Health Insurance Access for the Many and the Few

Nefertiti Townes, Program Manager for Health Insurance Programs, Nassau-Suffolk Hospital Council

Guest blogger, Nefertiti Townes, who oversees health insurance programs at the Nassau-Suffolk Hospital Council (NSHC) talks about her 12 years working to help Long Islanders understand their insurance plans and other programs and coverages for which they may be eligible. The pandemic made this work especially challenging.

Helping Everyone Get Covered

About 95 percent of New Yorkers have health insurance – one of the highest rates of coverage in the United States.  However, even with this success, there remains a population of underinsured individuals– mainly our aged, blind and disabled folks– who for one reason or another are not enrolled in Medicaid programs for which they are eligible.  Then there is the population of individuals who have insurance, whether it’s public or private, who don’t understand how their plans work– the intricacies of co-pays, deductibles and the like.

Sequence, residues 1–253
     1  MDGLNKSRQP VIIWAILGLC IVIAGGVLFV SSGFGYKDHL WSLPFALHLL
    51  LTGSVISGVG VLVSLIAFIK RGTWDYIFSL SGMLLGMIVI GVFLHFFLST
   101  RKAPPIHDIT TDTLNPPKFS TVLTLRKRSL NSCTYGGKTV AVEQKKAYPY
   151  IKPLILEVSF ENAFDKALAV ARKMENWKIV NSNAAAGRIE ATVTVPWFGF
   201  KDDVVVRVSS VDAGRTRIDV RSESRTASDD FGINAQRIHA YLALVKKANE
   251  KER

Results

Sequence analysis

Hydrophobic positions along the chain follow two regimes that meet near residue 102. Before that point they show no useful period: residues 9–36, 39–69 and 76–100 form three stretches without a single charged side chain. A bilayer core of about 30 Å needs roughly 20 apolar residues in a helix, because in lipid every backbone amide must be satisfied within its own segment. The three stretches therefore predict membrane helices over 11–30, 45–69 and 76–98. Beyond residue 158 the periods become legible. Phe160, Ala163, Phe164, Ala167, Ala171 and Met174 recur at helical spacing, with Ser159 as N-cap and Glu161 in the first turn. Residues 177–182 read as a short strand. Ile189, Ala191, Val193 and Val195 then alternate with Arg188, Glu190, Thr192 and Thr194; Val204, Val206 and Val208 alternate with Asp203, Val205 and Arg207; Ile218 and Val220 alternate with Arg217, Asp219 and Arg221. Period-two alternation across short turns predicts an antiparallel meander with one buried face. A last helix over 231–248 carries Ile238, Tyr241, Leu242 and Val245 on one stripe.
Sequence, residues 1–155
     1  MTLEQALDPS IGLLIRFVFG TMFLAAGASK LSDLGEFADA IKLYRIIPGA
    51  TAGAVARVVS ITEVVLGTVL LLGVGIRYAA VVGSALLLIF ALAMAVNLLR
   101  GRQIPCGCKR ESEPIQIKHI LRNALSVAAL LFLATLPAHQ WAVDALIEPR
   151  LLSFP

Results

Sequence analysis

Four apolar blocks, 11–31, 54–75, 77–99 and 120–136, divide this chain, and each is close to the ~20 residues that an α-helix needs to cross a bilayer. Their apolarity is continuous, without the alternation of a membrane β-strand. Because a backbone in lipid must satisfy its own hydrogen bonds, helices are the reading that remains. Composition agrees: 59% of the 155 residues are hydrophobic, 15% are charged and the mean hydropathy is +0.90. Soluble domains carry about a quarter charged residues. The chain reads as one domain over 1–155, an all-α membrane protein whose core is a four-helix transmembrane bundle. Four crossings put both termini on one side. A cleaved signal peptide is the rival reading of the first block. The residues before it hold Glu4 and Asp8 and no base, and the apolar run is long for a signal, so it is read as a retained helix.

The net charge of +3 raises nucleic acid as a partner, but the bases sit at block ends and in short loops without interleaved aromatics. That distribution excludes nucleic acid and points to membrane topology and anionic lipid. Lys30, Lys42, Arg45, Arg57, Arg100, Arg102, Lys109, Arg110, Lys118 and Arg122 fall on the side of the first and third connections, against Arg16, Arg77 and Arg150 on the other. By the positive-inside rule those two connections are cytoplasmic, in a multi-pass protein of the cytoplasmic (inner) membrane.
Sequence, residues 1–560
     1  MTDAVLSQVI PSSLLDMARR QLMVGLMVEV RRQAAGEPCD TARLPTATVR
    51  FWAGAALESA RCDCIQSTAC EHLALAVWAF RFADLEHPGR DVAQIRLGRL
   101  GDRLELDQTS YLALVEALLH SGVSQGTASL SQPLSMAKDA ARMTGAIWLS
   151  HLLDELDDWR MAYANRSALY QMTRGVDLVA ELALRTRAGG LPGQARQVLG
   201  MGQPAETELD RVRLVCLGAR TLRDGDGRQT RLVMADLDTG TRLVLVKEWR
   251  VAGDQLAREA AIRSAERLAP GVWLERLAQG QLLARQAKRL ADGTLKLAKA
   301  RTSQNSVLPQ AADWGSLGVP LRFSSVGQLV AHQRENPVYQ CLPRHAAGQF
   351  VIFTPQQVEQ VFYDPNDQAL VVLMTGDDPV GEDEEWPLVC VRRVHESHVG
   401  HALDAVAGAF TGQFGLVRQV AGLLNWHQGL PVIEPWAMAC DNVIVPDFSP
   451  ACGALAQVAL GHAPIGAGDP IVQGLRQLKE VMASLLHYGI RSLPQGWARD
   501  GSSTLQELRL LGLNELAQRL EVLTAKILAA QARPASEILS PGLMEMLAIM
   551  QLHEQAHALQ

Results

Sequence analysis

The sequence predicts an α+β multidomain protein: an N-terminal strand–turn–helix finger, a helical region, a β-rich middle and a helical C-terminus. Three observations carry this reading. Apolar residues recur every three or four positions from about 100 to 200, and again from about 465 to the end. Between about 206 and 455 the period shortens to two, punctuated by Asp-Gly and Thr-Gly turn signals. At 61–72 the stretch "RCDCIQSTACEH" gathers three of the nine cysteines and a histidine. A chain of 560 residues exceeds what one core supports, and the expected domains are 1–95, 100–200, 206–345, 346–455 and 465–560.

It’s my job and that of my staff to connect with these individuals and screen them for programs and coverages they perhaps did not know about or did not know how to go about applying for. When the pandemic hit in March 2020 and our office, like all others, was placed on lockdown, we were not sure how successful our outreach efforts would be.  Prior to the COVID-19 pandemic, my team and I would routinely go out into the field, promoting our services at libraries, health fairs, and other community-based events. The pandemic forced us—and the rest of the world— to quickly pivot. Thanks to revised guidelines from the Department of Health and the New York State of Health Marketplace, my team and I were able to successfully transition to assisting our clients over the phone. I’m proud to say that our number of clients remained fairly steady throughout COVID-19, with no significant decline. Remarkably, we found that access was not affected. Client eligibility for Medicaid-type programs increased from 64% prior to COVID, to 72% during the pandemic. This increase in eligibility is a reflection of the unfortunate realities of COVID-19— many people became unemployed, lost spouses, lost alternative sources of income, lost employer-based insurance, or experienced other hardships.

We offer three programs to assist distinct populations.